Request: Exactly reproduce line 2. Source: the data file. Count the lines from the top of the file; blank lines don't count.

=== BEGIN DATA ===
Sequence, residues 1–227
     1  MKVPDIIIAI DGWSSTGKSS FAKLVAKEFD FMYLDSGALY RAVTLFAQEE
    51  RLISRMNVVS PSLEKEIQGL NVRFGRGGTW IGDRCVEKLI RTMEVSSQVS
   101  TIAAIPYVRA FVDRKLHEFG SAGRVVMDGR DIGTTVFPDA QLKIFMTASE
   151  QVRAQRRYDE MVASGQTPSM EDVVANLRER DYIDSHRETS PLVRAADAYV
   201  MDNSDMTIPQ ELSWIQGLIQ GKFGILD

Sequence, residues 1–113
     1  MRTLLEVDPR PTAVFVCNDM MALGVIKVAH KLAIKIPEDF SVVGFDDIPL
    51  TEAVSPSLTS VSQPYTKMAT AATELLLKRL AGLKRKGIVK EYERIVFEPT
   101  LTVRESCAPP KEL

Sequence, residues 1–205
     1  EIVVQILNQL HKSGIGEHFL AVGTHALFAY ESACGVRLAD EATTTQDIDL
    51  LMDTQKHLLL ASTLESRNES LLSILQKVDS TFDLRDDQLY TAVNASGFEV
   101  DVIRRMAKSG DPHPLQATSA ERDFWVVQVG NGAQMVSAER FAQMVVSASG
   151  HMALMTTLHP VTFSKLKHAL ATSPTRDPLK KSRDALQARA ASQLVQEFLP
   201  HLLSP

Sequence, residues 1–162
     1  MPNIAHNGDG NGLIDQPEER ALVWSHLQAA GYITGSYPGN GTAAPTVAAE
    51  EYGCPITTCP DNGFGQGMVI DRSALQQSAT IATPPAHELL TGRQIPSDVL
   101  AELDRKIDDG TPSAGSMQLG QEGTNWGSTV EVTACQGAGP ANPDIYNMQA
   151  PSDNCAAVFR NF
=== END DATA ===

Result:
     1  MKVPDIIIAI DGWSSTGKSS FAKLVAKEFD FMYLDSGALY RAVTLFAQEE